The University of Chicago’s Joshua Correll has created a basic first-person shooter to advance his research into how race influences life-and-death decisions like a policeman’s decision to shoot a potentially threatening subject. (Thanks to Nicholas Kristof for spreading the word).
Your Score: 610
Average reaction time:
That’s it. Cold, hard evidence that I am, as Avenue Q puts it, “a little bit racist“: I shot armed black men 21 ms faster than armed white men, and holstered my gun 73 ms faster for unarmed white than black men. For whatever reason, the game didn’t report back on my false positives, though I think the one person I’d shot incorrectly was black. And this is despite my going in knowing exactly what this game was intending to demonstrate!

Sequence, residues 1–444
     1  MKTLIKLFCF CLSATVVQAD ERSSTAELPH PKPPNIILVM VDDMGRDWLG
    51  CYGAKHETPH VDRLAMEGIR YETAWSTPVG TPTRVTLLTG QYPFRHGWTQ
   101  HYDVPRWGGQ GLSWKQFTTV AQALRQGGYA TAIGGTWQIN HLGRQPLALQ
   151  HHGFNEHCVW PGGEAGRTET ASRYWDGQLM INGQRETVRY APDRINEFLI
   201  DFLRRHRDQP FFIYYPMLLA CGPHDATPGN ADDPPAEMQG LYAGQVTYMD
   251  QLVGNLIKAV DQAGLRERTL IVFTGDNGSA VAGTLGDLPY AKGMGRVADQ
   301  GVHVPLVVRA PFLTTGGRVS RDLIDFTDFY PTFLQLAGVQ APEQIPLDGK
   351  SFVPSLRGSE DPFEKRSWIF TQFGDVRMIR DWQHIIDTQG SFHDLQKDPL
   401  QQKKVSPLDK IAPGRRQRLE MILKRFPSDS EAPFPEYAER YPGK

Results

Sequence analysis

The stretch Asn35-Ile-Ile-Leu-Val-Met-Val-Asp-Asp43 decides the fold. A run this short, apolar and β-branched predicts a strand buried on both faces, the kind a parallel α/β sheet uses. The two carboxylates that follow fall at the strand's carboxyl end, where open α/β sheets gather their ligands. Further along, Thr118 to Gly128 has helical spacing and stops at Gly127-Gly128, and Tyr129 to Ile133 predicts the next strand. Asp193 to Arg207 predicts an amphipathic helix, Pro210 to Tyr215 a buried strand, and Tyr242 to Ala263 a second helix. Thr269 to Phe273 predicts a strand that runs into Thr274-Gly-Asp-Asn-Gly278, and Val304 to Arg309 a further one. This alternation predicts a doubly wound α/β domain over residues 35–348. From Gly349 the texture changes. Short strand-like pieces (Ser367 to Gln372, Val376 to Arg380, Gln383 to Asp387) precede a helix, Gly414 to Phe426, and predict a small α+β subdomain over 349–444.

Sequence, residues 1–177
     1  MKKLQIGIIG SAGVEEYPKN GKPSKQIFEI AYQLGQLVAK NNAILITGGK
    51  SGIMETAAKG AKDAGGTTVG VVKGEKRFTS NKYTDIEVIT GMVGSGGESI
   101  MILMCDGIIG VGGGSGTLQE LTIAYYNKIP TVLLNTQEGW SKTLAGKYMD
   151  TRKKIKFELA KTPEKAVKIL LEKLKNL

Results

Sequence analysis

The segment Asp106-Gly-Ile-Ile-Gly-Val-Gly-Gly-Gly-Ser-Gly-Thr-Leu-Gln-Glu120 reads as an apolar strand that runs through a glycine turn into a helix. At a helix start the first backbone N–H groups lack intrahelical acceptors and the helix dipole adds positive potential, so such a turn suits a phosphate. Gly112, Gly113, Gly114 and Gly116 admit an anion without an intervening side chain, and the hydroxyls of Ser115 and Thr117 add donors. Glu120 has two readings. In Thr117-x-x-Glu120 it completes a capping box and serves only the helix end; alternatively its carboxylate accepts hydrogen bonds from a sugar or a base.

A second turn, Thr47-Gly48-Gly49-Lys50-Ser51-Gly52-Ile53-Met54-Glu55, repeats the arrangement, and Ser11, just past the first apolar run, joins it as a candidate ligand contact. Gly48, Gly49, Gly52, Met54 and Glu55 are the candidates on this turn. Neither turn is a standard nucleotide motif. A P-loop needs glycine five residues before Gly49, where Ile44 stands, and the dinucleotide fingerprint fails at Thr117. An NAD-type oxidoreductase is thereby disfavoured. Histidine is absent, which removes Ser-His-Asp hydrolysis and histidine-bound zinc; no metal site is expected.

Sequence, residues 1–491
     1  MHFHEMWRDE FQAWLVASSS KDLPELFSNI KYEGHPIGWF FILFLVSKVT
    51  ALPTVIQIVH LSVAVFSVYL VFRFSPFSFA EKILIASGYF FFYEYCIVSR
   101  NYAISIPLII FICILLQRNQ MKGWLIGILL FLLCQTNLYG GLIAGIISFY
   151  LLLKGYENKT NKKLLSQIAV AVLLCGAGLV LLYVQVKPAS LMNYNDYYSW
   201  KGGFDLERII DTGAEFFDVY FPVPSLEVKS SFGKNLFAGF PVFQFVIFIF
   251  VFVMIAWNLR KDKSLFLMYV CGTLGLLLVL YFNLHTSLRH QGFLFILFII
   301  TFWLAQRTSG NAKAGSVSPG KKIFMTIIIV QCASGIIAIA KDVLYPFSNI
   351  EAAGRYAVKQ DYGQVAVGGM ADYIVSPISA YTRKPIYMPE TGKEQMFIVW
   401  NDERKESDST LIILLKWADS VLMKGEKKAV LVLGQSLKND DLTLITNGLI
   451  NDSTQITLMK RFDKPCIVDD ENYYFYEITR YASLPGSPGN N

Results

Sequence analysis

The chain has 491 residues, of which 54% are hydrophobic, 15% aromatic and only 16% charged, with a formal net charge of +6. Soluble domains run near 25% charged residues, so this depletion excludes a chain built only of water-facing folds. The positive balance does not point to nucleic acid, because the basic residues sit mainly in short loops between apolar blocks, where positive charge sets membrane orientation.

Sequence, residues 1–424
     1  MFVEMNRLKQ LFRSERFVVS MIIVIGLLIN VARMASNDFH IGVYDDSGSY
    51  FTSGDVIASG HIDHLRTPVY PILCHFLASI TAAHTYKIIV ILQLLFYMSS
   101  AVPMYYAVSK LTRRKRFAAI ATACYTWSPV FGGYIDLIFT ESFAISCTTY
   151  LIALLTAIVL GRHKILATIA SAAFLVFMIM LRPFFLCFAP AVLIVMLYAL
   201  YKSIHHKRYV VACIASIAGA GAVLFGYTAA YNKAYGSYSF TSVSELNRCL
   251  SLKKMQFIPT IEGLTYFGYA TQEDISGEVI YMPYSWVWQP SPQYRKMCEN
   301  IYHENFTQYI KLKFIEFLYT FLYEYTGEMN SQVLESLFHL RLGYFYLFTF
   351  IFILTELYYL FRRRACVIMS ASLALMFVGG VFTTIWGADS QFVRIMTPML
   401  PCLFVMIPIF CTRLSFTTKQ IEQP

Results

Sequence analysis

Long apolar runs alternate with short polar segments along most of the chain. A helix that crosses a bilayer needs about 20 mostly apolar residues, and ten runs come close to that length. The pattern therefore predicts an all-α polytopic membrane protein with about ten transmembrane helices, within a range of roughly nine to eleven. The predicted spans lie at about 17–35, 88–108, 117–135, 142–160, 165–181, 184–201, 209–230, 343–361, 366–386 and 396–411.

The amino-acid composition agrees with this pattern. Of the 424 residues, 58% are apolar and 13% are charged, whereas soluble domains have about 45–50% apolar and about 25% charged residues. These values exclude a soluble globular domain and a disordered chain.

While I’m not qualified to delve into the psychology of this test/game, I am — as with the Door Game — curious about whether and how this game creates consequence out of choice, and then in turn offers a moment of reflection on that choice. What kind of additional framing would exploit that teachable moment — maybe, at a minimum, the ability to post a comment after seeing your results? Compare your results with others’?
Finally, I also wonder whether this mini-game (I hesitate to call it a “casual game”) can become part of a fuller game experience. Like, maybe, a special level in S.W.A.T. V?
– Gene Koo